5/14/2022

0500 – The Anchor/Reporter Rapport

Season 2, Ep. 500
2022.05.15 – 0500 – The Anchor/Reporter RapportStructureYou are a reporter and so you need to be able to succinctly communicate the distinct points that ‘make the story the story’, boiling down the issue or the scene to what’s important. If you get stuck in the weeds of detail, you could end up the creek without a paddle. What is the main story here? What are the elements that took us from where we were to where we are, what order should they logically go in, and how do you explain them to someone who may not have been following every twist and turn as you, the reporter, has?A cliched format of scripting these two-ways has the presenter asking the reporter questions such as:·What do we know so far?·What does today’s news mean?·What reaction has there been?·What happens next?But these provide answers that the host would know already – and so asking them sounds false, misleading and patronising to the audience – and inevitably, unconversational. Instead, the anchor and reporter need to have a rapport to make it sound more natural:·“OK in this question I’ve written for you to ask me, just so you know, when you get half way through I’m going to politely interrupt you and agree with what you’re asking”. ·Get the host to give some of the information rather than the reporter. That way they are more involved and look more knowledgeable on a story that as an anchor frankly they ‘should’ know about: “We covered the warehouse fire on the show yesterday, remind us what happened…”. No! It’s the host’s show, they were on yesterday, they remember what the story was, so rephrase the question to make it sound more natural. And if the question is natural, the answer and the voice will sound more natural too.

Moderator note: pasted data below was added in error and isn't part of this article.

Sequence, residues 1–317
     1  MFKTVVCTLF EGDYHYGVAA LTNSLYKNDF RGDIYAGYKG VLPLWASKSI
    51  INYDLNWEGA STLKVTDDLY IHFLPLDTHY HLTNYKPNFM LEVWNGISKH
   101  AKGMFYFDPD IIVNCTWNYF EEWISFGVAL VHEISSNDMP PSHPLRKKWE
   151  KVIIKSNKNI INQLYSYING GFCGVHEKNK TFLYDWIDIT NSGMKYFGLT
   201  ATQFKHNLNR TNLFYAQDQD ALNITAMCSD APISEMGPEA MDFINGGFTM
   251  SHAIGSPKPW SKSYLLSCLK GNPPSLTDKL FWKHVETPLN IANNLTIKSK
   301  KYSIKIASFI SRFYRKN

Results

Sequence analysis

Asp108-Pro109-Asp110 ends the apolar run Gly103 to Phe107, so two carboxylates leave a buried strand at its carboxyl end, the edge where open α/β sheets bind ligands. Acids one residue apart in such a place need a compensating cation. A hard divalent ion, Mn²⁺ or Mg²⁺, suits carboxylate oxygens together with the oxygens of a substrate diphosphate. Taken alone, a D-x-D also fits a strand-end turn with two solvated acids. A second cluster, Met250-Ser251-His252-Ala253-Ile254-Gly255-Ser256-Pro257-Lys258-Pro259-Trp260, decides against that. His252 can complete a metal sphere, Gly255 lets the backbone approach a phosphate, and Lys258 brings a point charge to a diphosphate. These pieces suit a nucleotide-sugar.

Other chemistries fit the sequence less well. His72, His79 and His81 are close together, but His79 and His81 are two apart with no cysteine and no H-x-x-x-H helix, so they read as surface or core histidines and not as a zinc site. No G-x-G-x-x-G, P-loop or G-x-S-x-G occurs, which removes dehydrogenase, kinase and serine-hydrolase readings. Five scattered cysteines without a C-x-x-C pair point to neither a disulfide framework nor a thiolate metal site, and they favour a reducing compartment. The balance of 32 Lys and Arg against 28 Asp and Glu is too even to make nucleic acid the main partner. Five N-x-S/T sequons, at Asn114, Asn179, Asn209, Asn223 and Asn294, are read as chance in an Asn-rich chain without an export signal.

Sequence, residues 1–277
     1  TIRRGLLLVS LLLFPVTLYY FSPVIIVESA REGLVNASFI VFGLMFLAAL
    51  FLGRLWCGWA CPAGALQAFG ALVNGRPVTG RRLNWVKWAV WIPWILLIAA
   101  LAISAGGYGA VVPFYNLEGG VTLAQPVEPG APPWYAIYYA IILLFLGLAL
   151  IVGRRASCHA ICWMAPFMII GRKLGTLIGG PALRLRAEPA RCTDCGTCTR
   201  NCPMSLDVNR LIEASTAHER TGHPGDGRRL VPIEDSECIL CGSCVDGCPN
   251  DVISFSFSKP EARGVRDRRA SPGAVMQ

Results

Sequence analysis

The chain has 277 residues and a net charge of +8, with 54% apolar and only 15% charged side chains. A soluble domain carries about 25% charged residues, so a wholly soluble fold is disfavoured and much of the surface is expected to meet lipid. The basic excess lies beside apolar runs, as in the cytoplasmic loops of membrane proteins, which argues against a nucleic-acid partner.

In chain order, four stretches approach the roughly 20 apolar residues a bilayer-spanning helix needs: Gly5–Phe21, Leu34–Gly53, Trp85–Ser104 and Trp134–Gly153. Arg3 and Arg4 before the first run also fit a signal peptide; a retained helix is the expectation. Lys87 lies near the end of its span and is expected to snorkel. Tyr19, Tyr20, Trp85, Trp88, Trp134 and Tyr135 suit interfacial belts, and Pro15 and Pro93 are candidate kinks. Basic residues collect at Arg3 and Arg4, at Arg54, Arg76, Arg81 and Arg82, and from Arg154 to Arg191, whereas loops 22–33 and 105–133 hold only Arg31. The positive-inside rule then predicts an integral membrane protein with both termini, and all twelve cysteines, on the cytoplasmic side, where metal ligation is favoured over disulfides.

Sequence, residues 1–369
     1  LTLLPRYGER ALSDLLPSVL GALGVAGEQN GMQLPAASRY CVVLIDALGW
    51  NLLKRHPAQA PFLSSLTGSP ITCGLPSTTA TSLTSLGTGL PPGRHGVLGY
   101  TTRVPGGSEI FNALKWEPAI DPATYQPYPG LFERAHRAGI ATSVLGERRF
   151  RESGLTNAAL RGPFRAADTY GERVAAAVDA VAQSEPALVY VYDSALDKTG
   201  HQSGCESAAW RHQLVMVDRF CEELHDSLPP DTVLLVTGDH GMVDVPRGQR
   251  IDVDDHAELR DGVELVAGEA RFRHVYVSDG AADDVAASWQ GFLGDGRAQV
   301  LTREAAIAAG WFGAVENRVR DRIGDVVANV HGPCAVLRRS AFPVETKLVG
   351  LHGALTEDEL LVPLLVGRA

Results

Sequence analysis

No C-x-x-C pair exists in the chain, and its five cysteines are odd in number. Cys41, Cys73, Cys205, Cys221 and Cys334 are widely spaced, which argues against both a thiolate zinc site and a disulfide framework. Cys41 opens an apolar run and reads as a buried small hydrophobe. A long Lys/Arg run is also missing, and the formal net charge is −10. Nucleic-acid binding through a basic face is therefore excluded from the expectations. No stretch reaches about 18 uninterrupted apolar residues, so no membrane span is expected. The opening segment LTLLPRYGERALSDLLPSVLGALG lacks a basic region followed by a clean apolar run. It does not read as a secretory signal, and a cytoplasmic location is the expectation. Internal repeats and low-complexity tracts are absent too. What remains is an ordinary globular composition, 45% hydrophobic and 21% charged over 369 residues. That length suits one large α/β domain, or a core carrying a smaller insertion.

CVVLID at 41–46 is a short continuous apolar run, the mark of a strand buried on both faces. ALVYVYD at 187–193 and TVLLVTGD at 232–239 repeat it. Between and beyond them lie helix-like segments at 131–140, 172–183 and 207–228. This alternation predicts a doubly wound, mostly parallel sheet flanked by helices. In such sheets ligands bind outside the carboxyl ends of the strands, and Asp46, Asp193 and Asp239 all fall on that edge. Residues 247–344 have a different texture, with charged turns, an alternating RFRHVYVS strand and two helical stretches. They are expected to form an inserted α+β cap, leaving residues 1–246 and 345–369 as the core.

5/12/2022

0498 – TV Two-ways

Season 2, Ep. 498
2022.05.13 – 0498 – TV Two-ways VOICE BOXTV Two-ways A two-way is when a studio presenter on radio or t,v interviews a reporter colleague (usually one who is on location, but maybe in the studio) about a story. The reporter:·Is not working to a script·Has to sound fluent and confident·Must get over the main points in a succinct and accurate way·Should be able to cope with any question asked of them from the host·Can react to anything that happens while they are on air. ·Must be prepared to go ‘open ended’ – that is to talk to a certainduration (say 30 seconds or a minute) with the possibility that they are cut short (a minutes’ worth of material now has to be cut down to 15 seconds), or go long (stretching that 30 seconds prepped work to 90 seconds), or ‘go open ended’ when the anchor and reporter will talk to fill the available time until, say the start of a live news conference or the President arrives, or the verdict is announced.Much of this is easier for radio reporters as they are not on screen and so can refer to notes rather than having to reply on their wits and their memory, but it can be quite daunting.Very often the questions and answers can be scripted – and sound as though they are: stilted, awkward and obviously written and read to a format.And yet they should be:·Conversational ·Have a clear structure and ‘journey’ – perhaps with background, what the latest is, what it means to people with examples or case studies, reaction, what happens next